Shelley can still be felt all around the Beach family.
In the summer of 2015 everything changed.
A yoga enthusiast, Shelley would do her practice in her living room but felt like something was off.
“After about six months she was saying you’d think I’d feel thinner but I feel bloated,” Dave said.
After a few tests the family got the news that no one wants to hear. Diagnosed with ovarian cancer, Shelley began treatments in Toronto at Princess Margaret and Toronto General Hospital.
For the next three years the trips to the city became part of her regular routine, however throughout it all she remained positive.
“She would send email updates to about 60 to 80 people,” Graham said. “If you read it, and you knew the result, it might not have been a very good result, she always put a spin on it.”
“People would email back and say oh that’s great news,” Lindsay said.
“Or say that’s so great about your mom,” Graham said.
“And it would make me feel better,” Lindsay said. “I don’t know how she did that … she really stayed as positive as she could.”
Shelley began chemotherapy right before the inaugural Art on the Dock event, which she was involved with since its inception.
During this time the community rallied around the family, bringing them meals on a weekly basis, to show how much they cared.
Neighbours and members of her book club started using an app called Meal Train, which brought not only healthy meals to their doorstep, but entertainment and much needed laughs.
“Two or three couples, if they were serving Italian, would come over wearing Italian garb and the bakers hats,” Dave said.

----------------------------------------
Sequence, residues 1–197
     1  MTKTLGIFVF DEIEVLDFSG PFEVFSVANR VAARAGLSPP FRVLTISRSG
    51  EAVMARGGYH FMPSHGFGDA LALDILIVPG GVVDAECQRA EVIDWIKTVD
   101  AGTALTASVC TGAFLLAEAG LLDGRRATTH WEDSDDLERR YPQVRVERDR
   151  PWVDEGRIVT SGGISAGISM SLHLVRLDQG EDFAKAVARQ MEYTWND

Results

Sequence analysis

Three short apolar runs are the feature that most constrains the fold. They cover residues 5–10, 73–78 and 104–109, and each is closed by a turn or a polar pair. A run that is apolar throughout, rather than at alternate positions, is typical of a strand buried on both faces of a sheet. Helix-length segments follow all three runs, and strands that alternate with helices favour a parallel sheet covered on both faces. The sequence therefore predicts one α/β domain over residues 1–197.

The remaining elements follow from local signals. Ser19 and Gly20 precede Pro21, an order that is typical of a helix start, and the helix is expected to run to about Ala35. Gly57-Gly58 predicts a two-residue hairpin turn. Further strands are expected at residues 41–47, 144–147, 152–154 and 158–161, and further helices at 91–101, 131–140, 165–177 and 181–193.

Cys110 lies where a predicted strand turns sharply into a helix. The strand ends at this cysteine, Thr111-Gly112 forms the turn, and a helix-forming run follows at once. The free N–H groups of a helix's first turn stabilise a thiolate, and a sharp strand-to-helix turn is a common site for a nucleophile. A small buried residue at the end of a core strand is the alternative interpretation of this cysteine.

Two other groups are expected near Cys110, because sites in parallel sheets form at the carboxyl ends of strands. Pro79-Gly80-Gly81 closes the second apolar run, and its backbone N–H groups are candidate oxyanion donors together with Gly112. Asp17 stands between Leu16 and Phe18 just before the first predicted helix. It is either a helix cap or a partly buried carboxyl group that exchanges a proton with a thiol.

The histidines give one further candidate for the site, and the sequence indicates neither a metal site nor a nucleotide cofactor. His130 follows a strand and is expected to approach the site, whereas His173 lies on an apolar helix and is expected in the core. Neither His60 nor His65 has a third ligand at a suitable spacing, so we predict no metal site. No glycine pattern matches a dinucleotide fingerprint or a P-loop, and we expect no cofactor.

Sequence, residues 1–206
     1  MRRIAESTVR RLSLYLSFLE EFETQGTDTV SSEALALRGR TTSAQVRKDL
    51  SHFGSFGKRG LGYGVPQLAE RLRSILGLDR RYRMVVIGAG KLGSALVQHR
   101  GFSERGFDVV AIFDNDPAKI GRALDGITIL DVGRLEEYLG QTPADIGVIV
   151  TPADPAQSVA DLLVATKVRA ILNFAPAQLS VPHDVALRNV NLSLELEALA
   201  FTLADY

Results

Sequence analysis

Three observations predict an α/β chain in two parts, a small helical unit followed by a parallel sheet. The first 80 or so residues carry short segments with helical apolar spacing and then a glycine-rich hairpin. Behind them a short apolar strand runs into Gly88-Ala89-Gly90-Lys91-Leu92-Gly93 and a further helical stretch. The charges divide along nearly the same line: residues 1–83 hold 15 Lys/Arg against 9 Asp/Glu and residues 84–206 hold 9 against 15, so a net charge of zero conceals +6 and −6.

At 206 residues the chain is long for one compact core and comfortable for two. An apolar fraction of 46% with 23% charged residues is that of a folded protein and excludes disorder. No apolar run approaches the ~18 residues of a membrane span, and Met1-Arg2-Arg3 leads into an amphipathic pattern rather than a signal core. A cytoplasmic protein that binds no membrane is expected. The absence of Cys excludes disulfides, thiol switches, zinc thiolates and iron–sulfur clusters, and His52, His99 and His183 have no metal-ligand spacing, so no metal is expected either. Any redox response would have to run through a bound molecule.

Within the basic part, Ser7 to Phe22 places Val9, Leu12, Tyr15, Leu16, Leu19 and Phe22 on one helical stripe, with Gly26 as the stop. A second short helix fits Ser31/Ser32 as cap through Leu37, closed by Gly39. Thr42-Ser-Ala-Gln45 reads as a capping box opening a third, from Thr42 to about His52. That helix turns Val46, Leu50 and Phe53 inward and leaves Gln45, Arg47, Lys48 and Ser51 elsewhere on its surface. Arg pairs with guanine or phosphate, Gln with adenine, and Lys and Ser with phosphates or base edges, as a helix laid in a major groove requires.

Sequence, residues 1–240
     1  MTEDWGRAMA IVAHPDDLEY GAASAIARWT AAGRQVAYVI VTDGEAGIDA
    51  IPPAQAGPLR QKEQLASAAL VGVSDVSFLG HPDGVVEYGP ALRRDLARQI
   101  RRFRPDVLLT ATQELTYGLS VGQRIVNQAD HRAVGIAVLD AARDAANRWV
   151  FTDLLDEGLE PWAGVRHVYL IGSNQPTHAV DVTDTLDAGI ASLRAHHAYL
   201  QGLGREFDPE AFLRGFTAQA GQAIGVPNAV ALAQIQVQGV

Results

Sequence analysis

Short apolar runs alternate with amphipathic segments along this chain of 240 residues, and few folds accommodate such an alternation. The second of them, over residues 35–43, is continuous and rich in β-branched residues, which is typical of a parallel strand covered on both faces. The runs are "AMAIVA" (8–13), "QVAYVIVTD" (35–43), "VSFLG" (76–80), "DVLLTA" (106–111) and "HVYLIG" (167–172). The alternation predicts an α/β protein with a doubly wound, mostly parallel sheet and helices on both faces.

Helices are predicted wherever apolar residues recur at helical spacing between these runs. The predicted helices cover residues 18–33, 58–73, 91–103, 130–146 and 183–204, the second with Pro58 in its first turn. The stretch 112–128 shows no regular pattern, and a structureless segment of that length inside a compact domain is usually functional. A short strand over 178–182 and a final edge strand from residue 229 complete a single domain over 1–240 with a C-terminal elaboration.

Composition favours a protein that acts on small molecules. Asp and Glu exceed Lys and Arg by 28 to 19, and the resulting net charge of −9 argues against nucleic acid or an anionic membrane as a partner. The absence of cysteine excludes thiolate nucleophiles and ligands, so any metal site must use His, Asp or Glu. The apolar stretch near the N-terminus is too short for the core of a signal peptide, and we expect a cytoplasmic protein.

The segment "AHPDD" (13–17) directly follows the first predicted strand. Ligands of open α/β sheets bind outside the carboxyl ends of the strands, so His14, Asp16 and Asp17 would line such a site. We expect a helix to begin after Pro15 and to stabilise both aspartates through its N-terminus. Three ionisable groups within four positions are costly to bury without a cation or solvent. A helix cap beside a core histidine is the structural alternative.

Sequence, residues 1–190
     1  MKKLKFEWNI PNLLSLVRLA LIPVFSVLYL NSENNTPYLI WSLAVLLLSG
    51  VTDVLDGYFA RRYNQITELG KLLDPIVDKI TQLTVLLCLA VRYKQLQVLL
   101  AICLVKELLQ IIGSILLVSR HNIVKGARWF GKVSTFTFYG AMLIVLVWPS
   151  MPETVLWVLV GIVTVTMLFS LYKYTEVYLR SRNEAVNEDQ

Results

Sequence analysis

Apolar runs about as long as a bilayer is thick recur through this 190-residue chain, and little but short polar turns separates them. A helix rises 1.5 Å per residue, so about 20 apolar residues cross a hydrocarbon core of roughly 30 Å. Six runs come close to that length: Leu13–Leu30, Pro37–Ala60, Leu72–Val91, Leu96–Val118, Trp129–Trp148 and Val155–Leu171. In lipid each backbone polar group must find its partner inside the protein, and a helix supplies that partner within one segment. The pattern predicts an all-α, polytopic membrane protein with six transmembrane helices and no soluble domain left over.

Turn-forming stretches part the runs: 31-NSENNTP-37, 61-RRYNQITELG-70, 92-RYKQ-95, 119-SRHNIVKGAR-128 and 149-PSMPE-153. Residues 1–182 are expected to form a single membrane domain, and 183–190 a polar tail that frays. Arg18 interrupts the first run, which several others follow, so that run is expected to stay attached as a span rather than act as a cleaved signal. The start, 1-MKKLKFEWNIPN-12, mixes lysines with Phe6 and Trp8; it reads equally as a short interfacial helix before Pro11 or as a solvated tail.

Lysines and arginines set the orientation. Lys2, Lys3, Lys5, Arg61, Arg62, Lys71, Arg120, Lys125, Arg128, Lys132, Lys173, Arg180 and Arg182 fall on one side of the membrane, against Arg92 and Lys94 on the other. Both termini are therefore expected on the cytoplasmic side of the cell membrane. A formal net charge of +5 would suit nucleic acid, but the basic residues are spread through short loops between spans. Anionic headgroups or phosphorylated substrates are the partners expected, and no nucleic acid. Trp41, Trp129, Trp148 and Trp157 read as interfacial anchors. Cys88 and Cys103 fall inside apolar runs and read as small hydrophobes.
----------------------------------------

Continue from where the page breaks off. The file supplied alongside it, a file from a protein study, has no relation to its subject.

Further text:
“It’s not like this just happened for a few months, this was for three years,” Lindsay said. “Every week. For three years. At one point it was a couple of times a week.”
The family is still amazed at the generosity of their friends and neighbours.
On May 13 of this year, Mother’s Day, Shelley was admitted into Haliburton hospital’s palliative care wing.
She stayed there for a month, making friends with all the staff and with her family by her side.
On June 13, exactly a month after being admitted, she passed away.
“She was completely surrounded by love, which is what we all wanted for her,” said Lindsay. “It was a horrible time for her physically, but I’m so glad we were able to be there.”
The family is grateful to the staff at Haliburton Highlands Health Services.
“I’m sure that after she passed … the nurses that particularly looked after her, they just had tears in their eyes,” said Dave.
More than 300 people attended her celebration of life.
Although not around this past July to partake in Art on the Dock, the Beach family made sure Shelley’s art was still a part of the popular event. Many came to see and buy her signature watercolours. Those who knew her said they felt honoured to be her friend.
Certain aspects of Shelley’s life will always stand out for her family, whether it be her love for travel, her independence, her dislike of swear words or her ability to make everyone feel special.
“She was very easy to talk to, very easy to get to know,” Dave said.
“Mom was a traveller,” Graham said. “She liked to tour,” Lindsay said.
Shelley embarked on trips all over the world with her family or on her own.
A proud mom, Shelley was also a very hands-on and loving grandmother to grandson Jeremy, 11, and granddaughter Atia, 8.
“Whenever there was something in town she would take us,” said Jeremy. “She also went to Blueberry Island with us a lot.”
The children will never forget their Nana and how much she loved them.
When asked how they will remember her, Atia simply uses two words.
Lindsay smiles through tears and nods her head.
“Our house is full of her paintings.”